What do an Iraqi shrine and a lake where Pablo Escobar once had a cocaine factory have in common?

On June 9th, Shoal launched their flagship campaign Search for the Lost Fishes with their partners Re:wild, with an initial Top 10 Most Wanted species. Two of those species have historically been found in Lake Tota, site of the former cocaine manufacturing plant, and an underground cavern beneath the Sheik Hadid Shrine near Haditha, Iraq.

What makes a fish species lost? The campaign stipulates that an observation of the species hasn’t been recorded in at least a decade, but the species has not yet been listed by the IUCN Red List as Extinct. There are good reasons to believe these species are still out there, so Shoal aims to help find them so they may install a conservation programme and give them a second chance at survival.

The IUCN-SSC Freshwater Fish Specialist Group identified an initial master list of more than 300 freshwater fish considered lost species, and the initial Top 10 Most Wanted will kickstart a multi-year conservation campaign for Shoal and Re:wild.

These ten species range from locations around the world – from Colombia to Madagascar, from Vietnam to Papua New Guinea. Shoal will encourage expedition teams to work with local communities and experts to search habitats where the fish have previously been recorded, including some of the planet’s most far-flung freshwaters.

Forests in the foregroud give way to Lake Tota in the distance, surrounded by mountains on its far shores.

A view of Lake Tota in Columbia, which may be home to one of the Top 10 Most Wanted Lost Fish. Image credit: Dr. Ian Harrison

But this is about much more than the expeditions Shoal is directly involved in: we’re calling on others to join the search and conduct their own expeditions to try and find these Lost Fishes. With expert input from Re:wild, we will publicise people’s stories of rediscovery and as part of this shared campaign of hope and adventure.

“The Search for Lost Fishes campaign is incredibly exciting,” said Mike Baltzer, executive director of Shoal. “While the project is driven by science and is aimed to give these species the best possible chance of survival, it also has a strong element of mystery and adventure about it. These species have amazing backstories and are still much loved by the local people. They are just as keen to find them as we are. Working with the local partners is a true highlight of the project”.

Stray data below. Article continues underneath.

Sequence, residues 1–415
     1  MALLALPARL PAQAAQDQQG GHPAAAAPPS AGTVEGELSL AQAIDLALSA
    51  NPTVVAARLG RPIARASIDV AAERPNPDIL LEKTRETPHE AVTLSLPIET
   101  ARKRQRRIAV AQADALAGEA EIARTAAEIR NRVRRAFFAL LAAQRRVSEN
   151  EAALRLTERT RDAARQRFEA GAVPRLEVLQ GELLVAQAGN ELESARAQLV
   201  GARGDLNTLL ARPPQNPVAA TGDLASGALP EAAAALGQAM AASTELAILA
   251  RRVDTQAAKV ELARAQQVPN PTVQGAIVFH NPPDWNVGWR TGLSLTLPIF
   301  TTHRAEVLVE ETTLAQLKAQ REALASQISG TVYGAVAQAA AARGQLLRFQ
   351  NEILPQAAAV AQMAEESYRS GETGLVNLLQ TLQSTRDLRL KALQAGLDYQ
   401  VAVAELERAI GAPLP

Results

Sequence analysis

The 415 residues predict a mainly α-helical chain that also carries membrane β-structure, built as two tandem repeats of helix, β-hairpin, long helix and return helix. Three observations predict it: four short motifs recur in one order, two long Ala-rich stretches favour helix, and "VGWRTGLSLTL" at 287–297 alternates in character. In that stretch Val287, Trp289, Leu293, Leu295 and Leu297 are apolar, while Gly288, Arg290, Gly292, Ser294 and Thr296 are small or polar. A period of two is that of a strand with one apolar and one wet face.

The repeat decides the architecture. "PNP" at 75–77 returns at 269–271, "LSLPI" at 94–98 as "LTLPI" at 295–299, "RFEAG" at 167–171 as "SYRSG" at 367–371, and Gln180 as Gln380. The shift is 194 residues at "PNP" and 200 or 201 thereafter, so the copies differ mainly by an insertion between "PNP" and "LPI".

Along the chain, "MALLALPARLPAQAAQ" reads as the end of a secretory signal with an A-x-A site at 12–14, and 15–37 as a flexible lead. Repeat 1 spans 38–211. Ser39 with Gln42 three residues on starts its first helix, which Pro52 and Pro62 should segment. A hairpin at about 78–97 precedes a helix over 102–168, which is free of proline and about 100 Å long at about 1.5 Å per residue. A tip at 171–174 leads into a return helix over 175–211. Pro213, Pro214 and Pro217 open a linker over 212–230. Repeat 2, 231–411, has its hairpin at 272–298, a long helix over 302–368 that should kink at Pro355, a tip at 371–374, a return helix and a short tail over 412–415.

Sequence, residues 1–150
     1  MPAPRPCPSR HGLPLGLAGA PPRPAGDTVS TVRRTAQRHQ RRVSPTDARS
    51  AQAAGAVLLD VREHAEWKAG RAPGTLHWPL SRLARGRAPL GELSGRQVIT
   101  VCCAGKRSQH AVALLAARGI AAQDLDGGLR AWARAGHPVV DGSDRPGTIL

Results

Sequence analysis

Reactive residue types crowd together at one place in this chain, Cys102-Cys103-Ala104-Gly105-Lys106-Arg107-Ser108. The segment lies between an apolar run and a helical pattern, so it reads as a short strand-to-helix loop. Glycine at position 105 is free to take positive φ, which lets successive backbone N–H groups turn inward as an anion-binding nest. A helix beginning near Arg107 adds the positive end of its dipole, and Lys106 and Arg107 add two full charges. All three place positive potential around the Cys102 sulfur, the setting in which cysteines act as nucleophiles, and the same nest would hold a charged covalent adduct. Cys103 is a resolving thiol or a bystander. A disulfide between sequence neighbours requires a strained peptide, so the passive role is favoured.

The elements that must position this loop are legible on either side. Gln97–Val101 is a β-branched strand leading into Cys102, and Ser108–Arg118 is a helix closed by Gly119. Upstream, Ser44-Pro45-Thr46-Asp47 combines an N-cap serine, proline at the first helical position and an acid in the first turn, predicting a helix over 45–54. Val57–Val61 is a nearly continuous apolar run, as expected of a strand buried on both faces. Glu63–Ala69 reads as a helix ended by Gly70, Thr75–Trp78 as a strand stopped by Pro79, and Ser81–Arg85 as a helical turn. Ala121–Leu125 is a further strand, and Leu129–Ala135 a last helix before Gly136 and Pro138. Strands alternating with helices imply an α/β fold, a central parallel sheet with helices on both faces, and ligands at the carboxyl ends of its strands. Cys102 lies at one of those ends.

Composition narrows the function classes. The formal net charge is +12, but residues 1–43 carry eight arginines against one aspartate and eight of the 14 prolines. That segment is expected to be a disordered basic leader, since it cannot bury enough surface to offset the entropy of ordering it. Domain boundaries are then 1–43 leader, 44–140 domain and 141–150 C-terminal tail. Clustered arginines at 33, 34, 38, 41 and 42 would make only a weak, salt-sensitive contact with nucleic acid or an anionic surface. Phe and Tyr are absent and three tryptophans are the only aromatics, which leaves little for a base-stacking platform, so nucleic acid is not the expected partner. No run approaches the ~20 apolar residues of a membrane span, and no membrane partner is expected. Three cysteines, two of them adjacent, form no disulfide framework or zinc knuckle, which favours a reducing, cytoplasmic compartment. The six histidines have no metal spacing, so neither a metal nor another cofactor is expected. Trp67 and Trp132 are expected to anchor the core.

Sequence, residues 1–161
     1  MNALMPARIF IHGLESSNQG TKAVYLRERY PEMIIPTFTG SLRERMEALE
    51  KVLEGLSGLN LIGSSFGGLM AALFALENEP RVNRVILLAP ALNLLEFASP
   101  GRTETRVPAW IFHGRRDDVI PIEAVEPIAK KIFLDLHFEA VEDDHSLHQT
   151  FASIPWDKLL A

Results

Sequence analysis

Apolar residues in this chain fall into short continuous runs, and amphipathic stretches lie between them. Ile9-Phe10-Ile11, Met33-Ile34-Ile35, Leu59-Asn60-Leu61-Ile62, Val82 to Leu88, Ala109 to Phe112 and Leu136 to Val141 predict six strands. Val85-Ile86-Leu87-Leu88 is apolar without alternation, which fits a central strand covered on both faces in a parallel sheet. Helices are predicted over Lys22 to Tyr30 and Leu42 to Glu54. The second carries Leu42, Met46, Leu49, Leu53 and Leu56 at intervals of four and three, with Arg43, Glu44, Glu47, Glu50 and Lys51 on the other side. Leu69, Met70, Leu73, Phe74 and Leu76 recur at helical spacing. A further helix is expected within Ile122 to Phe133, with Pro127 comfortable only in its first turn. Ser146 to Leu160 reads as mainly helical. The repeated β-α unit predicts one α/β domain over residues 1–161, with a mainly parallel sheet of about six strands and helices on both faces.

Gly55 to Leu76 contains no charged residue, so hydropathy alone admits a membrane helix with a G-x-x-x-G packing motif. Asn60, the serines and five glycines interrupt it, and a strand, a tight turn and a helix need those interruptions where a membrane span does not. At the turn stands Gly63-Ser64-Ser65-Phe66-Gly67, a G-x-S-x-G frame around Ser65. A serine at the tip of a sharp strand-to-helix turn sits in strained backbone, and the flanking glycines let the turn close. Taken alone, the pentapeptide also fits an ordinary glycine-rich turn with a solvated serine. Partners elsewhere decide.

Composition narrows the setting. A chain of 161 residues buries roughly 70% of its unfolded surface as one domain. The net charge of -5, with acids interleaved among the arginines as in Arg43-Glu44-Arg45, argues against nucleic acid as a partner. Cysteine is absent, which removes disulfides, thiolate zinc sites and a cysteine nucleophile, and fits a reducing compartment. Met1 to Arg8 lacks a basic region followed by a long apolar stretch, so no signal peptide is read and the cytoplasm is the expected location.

The first Lost Fishes expedition will be for the fat catfish. Shoal has secured initial funding for the search, which is planned to start in in Colombia over the coming weeks. The expedition team will sample the water of Lake Tota, using environmental DNA (eDNA) methods to detect traces of DNA left by the fat catfish. If the eDNA sampling comes back positive, conservationists will have strong evidence that the fish still survives somewhere nearby. The next step, if DNA is found, will be to refine the search based on the location of the detected eDNA.

“If the fat catfish still survives, it will be one of the rarest fish in the world,” said Dr. Barney Long, senior director of conservation strategies at Re:wild. “There have only ever been 10 specimens found, so if the expedition does find the fat catfish, it would be hugely exciting. One question may finally get answered: why is it so fat? There is no other fish in the world like it and it has been one of the mysteries of itchyology for years”.

An illustration of a strange fish with a long, segmented body and bulbous eyes.

An illustration of the first Lost Fish that the expedition team is seeking: the mysteriously fat Rhyzosomichthys totae, or fat catfish.

Recent rediscoveries have fuelled hope that the species on the Top 10 Most Wanted Lost Fishes list will be found. The Dumbéa River pipefish was originally on the list, but a single sighting of the species in New Caledonia – recorded on the citizen science app iNaturalist – was recently confirmed by scientists. Damien Brouste, a naturalist and angler, became the first person with a confirmed sighting of the species in over a decade.

Valentin de Mazancourt, associate researcher at the French Museum of Natural History, verified Damien’s iNaturalist observation. “As an avid user of iNaturalist and a hydrobiologist, I am always happy to help identifying observations of freshwater animals, and this observation got me really excited, being a rare and endemic species that researchers from my lab are especially interested in. It’s always great to obtain such new data on these rare species and iNaturalist is an amazing tool for this, as well as a great opportunity to get people involved in our research.”

All things being well, some of these other elusive Lost Fish will be rediscovered. And, when they are, the real work of helping bring them back from the brink of extinction will begin.

Shoal and Re:wild are asking anyone to contact them if they can sponsor or partner to undertake the expeditions and establish the vital conservation action any surviving lost fishes need.

Five people sit on a covered boat in the water. Forests and mountains rise in the background.

A boat surveys Lake Tota for signs of the fat catfish on an older expedition in 1999. Image credit: Dr. Ian Harrison.

Michael is the Communications and Engagement Lead for Shoal: the global initiative to conserve the most threatened freshwater species around the globe. In the two and a half years since Shoal's inception, they have launched conservation programmes in India, Indonesia, and Southeast Asia, and have a handful of exciting new projects in the pipeline. The Search for Lost Fishes will be a flagship campaign for them for many years.